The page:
It's been a long time coming, but 2019 will finally see the cryptocurrency market make its mark on traditional finance in a tangible way.
While some will immediately point to Bitcoin futures contracts as evidence that it's already happened -- such as those offered by the CME and CBOE -- these are a simple half-measure designed to let some accredited investors and hedge funds get exposure to crypto volatility.
The real crypto market has been cut out of this equation. Cash settled futures, which represent how Bitcoin is traded on these enormous centralized exchanges, put no pressure on supply or demand for the cryptocurrency itself because at no point during the trade is any real Bitcoin changing hands.
The Jan. 7 launch of a new Nasdaq-powered crypto DX.Exchange is the biggest signifier yet that the status quo is shifting. It's not that institutional finance suddenly cares about including the cryptocurrency community, but that it has realized that cryptocurrency can aid its long-term goals for inclusive, cost-effective and cross-border asset exchange. DX.Exchange will soon offer tokenized stocks on the blockchain in a way that brings these two disparate markets together harmoniously for the first time.
Two Sides of the Same Coin
Cryptocurrency and stocks have been circling each other for years. Take the ICO fundraising model, for instance, which mimics how an IPO issues shares representing equity ownership in a public company. However, tokenholders aren't the same as shareholders and often don't enjoy the same voting rights or accountability, and regulators have already cracked down on the practice.
Additionally, during the cryptocurrency bull market of 2017, many publicly-traded stocks incorporated blockchain into their operations and even their company names, trying to capture some of the mania pushing crypto prices higher.
These are both unsustainable ideas, but not surprising considering that a two-way bridge between the crypto and equity markets is one of the last remaining hurdles for blockchain. Attempts by either market to adopt traits of or circumvent the other are equally untenable. Also, not only has cryptocurrency been shunned by the derivative crypto assets traded today, the financial industry itself now feels isolated from the great things happening in crypto.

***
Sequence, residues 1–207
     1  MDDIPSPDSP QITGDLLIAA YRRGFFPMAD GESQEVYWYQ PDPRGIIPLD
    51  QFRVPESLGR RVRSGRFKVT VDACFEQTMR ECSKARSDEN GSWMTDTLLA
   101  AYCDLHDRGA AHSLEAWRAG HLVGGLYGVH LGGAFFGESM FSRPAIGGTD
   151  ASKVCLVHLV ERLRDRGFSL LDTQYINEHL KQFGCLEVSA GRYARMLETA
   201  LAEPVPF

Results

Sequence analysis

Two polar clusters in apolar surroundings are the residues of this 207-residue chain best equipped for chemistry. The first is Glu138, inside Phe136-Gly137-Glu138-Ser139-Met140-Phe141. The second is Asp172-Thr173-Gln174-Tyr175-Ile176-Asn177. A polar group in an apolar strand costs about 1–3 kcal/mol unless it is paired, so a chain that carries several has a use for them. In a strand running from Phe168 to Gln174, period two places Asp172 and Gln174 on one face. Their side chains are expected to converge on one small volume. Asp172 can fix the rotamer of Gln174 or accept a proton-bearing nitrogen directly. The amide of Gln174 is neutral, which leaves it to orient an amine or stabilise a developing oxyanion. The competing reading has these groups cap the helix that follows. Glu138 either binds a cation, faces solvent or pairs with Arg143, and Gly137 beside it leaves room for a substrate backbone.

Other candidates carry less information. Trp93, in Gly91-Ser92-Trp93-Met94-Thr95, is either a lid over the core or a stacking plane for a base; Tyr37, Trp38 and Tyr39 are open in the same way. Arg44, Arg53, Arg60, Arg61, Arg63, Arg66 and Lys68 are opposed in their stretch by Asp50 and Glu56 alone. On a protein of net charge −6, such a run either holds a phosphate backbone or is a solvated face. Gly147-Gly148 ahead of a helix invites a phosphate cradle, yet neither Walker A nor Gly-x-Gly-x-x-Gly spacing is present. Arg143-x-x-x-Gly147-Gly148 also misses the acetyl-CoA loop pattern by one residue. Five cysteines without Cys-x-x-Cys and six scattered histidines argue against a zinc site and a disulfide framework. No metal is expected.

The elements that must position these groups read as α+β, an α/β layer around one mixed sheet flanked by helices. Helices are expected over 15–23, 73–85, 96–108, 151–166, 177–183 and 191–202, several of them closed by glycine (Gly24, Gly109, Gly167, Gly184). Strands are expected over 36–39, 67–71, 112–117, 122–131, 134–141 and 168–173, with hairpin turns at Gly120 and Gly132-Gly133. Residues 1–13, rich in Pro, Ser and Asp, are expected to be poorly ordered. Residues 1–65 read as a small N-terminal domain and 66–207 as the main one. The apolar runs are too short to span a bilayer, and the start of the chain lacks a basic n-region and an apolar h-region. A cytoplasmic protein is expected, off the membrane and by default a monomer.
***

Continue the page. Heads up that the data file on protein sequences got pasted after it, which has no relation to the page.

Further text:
Seeing these trends play out, some of the biggest names in traditional finance such as Bloomberg, NASDAQ and MPS Marketplace Securities have put their heads together to offer a solution.
It's coalesced in NASDAQ partner DX.Exchange, which already offers peer-to-peer trading of cryptocurrencies, but in conjunction with these venerable institutions will now be able to issue blockchain tokens that mirror the live share prices of publicly-traded companies. Not only this, but the tokens are physically-backed 1:1 by the shares they represent, so when you send Bitcoin to your DX wallet and exchange it for Facebook Token or Apple Token, for example, you've just diversified your crypto portfolio with real shares in actual companies.
How Does It Work?
An innovative stack of utility supports this simple idea and is maintained by several of the world's biggest financial firms. When a person with Bitcoin or Ethereum wishes to buy tokenized shares of stock, they can simply log in to DX.Exchange and place a buy order for the chosen shares. Simultaneously, MPS MarketPlace Securities purchases and holds the physical shares (not cash-settled futures), while issuing the appropriate number of ERC20 tokens representing the physical shares.
Following this step, tokens are handed to the buyer through DX.Exchange to fill the trade. MPS also stores these shares and adjusts its holdings based on live DX demand. The exchange of crypto-to-stocks is handled by NASDAQ's FIX (Financial Information Exchange) system, a sophisticated messaging protocol used to send and confirm transactions between parties while preventing manipulation.
A Beneficial Blending of Markets
The fact that tokens are physically backed by stocks means that demand from the crypto market for these assets will impact share prices, just as a (potentially) upcoming ETF settled in BTC would provide demand for Bitcoin and impact its price. It also means more liquidity and volume for the stock market, and the chance to trade stocks on a 24/7 basis rather than being shut out at the close.
For cryptocurrency investors and traders, it also represents an opportunity to diversify their crypto-heavy portfolios without transferring in and out of fiat, as well as store their stocks on ERC20 wallets like the Trezor or Ledger Nano S. They can also invest in stocks cross-market, meaning the ability to buy shares of companies in Tokyo as well as those in the U.S. without going through multiple difficult (and for some, impossible) permissions processes.
By far the most important concept is compliance, however. Besides working alongside NASDAQ and partnering with the Bloomberg Crypto Center, DX is also regulated by the Estonian Financial Intelligence Unit (FIU), which opens DX to EU customers who demand a regulated and fully-compliant trading experience.
We're slowly entering into an era where the internet of value is being liberated, and strangely enough, it's at the behest of those who once saw blockchain as a harbinger of evolution. As financial institutions and blockchain ideas increasingly find common ground, retail investors will find new opportunities to enjoy the emerging age of democratized finance.
The author holds stock in investment holding company, Leucadia, and is a partner in an emerging technology marketing firm, Notability Partners. He holds no positions in cryptocurrencies nor in any companies that invest in them.